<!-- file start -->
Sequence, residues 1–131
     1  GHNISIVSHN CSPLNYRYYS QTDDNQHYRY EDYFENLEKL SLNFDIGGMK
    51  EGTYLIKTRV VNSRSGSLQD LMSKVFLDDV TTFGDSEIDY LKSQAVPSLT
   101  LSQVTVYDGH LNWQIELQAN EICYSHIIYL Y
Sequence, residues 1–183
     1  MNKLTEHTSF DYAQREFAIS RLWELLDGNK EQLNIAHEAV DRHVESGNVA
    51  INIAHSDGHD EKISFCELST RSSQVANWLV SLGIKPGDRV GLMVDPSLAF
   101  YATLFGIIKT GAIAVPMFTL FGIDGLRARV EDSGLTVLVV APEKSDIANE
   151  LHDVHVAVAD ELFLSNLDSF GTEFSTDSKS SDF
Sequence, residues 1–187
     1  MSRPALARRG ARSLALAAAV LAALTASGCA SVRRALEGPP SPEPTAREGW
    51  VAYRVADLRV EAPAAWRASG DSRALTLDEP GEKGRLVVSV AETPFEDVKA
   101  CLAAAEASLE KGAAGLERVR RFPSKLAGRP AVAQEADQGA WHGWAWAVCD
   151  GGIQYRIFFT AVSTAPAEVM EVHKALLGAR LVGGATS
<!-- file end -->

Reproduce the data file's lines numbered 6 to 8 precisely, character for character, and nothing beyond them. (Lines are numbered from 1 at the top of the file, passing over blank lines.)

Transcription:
     1  MNKLTEHTSF DYAQREFAIS RLWELLDGNK EQLNIAHEAV DRHVESGNVA
    51  INIAHSDGHD EKISFCELST RSSQVANWLV SLGIKPGDRV GLMVDPSLAF
   101  YATLFGIIKT GAIAVPMFTL FGIDGLRARV EDSGLTVLVV APEKSDIANE